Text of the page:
How to Paint Vertical Stripes on Walls

Vertical stripes on a wall can add such a visually interesting aspect to a room.

Vertical stripes on wallVertical stripes on wall
It can make the ceiling look higher, and it will give the walls texture. It will look like a wallpaper finish if you take your time to prep the walls carefully so that every stripe comes out perfectly.

Paint the wall you wish to apply stripes to so that it has a good clean coat of paint. This will be the contrast for the stripe you will be painting, so make it the same hue for better blending. High contrast will make the wall busy while similar stripes will create a luxurious or rich colored wall. For tone-on-tone stripes, use the same color but semigloss finish for the base and flat finish for the stripe.

Allow the wall to dry for at least 48 hours before trying to apply a coat of stripes. Otherwise, the tape will just pull off your new paint. Add a dehumidifier to the room if you are working in humid conditions to help dry the paint faster.

Measure your wall from corner to corner. Divide your total measurement by how wide you want your stripe to be. For instance, if your wall is 120 inches wide (10 feet) and you want 10-inch-wide stripes, divide 120 by 10 and you get 12 stripes total. That means only 6 new stripes, since the other 6 will be the paint already on the wall.

Mark the first stripe out half the width of a stripe, starting from the corner behind the door, in this case 5 inches. Make a mark at the top of the wall, the middle and the bottom. Run a piece of tape so that it meets each of the measurements and check it with a level to make sure it is straight.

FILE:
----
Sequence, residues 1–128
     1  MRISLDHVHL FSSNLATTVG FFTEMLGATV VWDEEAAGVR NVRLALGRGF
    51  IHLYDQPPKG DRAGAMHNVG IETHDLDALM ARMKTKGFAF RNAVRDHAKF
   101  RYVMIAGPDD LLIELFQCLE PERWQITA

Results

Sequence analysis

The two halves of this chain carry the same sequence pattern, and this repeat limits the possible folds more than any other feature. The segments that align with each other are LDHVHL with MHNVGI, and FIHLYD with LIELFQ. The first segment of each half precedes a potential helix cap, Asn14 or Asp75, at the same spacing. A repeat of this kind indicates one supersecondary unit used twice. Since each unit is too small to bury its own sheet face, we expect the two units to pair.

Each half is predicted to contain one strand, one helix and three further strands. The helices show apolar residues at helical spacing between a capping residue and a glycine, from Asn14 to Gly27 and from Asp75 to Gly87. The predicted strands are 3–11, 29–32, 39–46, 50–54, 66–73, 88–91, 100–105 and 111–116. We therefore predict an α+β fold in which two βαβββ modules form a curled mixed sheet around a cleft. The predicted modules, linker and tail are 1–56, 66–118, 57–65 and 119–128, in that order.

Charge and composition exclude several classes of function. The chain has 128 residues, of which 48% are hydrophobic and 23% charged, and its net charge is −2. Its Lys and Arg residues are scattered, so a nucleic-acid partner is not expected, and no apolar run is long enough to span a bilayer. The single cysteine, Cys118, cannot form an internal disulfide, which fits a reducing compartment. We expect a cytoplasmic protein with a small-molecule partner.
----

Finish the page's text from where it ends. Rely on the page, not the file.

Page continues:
Make a mark along the top of the wall every 10 inches, starting with the first one already taped. Do the same thing for the middle and the bottom. This will take some time, but if you do it well, it will yield a beautiful wall with perfectly straight stripes.

Run a line of tape at every mark, making sure to rub down the edges so that they are flush with the wall. If you don't, the paint can seep under the tape, making a messy edge. Check every line of tape with your level to make sure you have not drifted off center. Tape off the bottom as well as the top edge.

Roll out your new paint on every other stripe. Paint just over the edge of the tape to get a nice straight edge. If you have used a semi or glossy paint, you will need to pull the tape off before the paint has dried. Flat paint can be allowed to dry before pulling off the tape.

Things You Will Need

  • Paint, 2 colors
  • Roller and pan
  • Low-tack painter's tape
  • Measuring tape
  • Pencil
  • Level


  • When you pull the tape off, twist it slightly away from the newly painted surface.

About the Author

Maryland resident Heide Braley is a professional writer who contributes to a variety of websites. She has focused more than 10 years of research on botanical and garden articles and was awarded a membership to the Society of Professional Journalists. Braley has studied at Pennsylvania State University and Villanova University.